Madeleine Lee
Campus Beat Reporter

After years of increasing Isla Vista street traffic difficulties, University of California, Santa Barbara Associated Students Senators and community members discussed solutions to safety issues at Wednesday’s senate meeting in the University Center’s Flying A Room.

In an attempt to mitigate widespread unease among senators and the greater student body, Gina Fisher of Third District Supervisor Joan Hartmann’s office, officials from the Santa Barbara County Office of Public Works, and officers from Isla Vista Foot Patrol and Santa Barbara County Highway Patrol outlined the detailed plan behind the proposed traffic stoplight at Pardall and Embarcadero Del Norte.

Officials are hopeful that the $300,000 stoplight, which will be funded equally by UCSB and Santa Barbara County, will better accommodate all modes of traffic. At the meeting, they reported that approximately 1,500 cyclists an hour pass through the intersection.

According to Public Works official Scott McGolpin, who began working with the Santa Barbara Office of Public Works in 1988, the stoplight is the culmination of decades of debate and was in many ways a last-resort decision.

“Bike traffic has been an issue with this intersection since they first installed the two way stop in 1974,” said McGolpin. “Our ultimate goal now is to try and get some gaps in the bicycle flow to allow vehicles and bicycles to make that movement. I think we’ve achieved it with the design that’s currently on the table.”

County officials and community members initially considered installing a four-way stop or  roundabout to better control traffic flow, but both options proved problematic.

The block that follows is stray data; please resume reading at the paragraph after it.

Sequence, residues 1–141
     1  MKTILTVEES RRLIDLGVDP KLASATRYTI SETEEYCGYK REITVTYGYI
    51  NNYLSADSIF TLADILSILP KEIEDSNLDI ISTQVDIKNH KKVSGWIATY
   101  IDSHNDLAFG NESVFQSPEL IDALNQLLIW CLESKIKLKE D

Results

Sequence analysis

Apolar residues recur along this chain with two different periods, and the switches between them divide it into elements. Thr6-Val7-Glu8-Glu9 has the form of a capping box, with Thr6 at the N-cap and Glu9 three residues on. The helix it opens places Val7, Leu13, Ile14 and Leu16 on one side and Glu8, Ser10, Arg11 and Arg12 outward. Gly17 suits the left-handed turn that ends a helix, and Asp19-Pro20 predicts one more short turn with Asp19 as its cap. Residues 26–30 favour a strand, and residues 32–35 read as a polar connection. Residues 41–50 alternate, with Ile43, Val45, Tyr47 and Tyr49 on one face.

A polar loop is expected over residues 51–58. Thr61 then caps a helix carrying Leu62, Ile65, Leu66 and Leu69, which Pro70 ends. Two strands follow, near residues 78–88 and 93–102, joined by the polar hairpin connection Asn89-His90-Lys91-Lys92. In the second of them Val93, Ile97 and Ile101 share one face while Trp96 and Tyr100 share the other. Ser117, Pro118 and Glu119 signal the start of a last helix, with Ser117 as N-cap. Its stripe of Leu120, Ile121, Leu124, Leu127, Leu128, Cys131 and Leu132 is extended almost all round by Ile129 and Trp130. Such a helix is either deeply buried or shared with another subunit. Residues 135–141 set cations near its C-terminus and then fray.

“Though it would have been the cheapest option, bikes don’t tend to stop for stop signs,” said a county traffic engineer at Wednesday’s meeting regarding the four-way stop. “And ultimately, we didn’t feel it would be the safest alternative.”

County officials deemed a roundabout similarly ineffective, as the already compact intersection would not be able to accommodate larger truck and vehicle traffic.

Senior Deputy James McKarrell from IVFP ensured students that bike traffic enforcement would follow a three-step process: education, warning, and citations.

“It’s important to remember that bicycles are also considered vehicles by California law,” said McKarrell, who admitted that officers were fairly lenient on bike violations throughout Isla Vista. According to him, officers will continue to educate students on proper bike safety laws and simultaneously issue warnings during the first weeks after the stoplight’s implementation. Citation enforcement, said McKarrell, is necessary to ensure the safety of all parties involved.

When several student senators expressed concern that a stoplight will increase congestion along Pardall, public works officials suggested that timing for peak traffic hours — early morning and ten minute passing periods between classes — can be tweaked accordingly to give privilege to university bound bike traffic.

Following Wednesday’s meeting, College of Letters and Science Senator Alex Giolito still felt unsatisfied with the answers given by all parties.

“Lots of questions asked, very little answers given,” said Giolito in a Facebook post on a dedicated Facebook page to stop construction of the stoplight. “I don’t think that the County understands how dangerous this stoplight has the potential to be.”

The history of traffic congestion at the Pardall and Embarcadero Del Norte intersection goes back as early as 1974 when the two-way stop signs were first introduced. In 1993, the owners of Freebirds noticed an increase in traffic, and put up funds to install the “Cross Traffic Does Not Stop” signs for traffic on both sides of Embarcadero Del Norte.

In 1998 and again in 2001, the Isla Vista Foot Patrol advocated for the implementation of a four way stop but eventually opted against it. According to Joan Hartmann’s staff representative Gina Fisher, the community conversation and planning behind the stoplight has been ongoing for the past several years.

Students were encouraged to continue conversations at weekly district supervisor meetings held every Tuesday.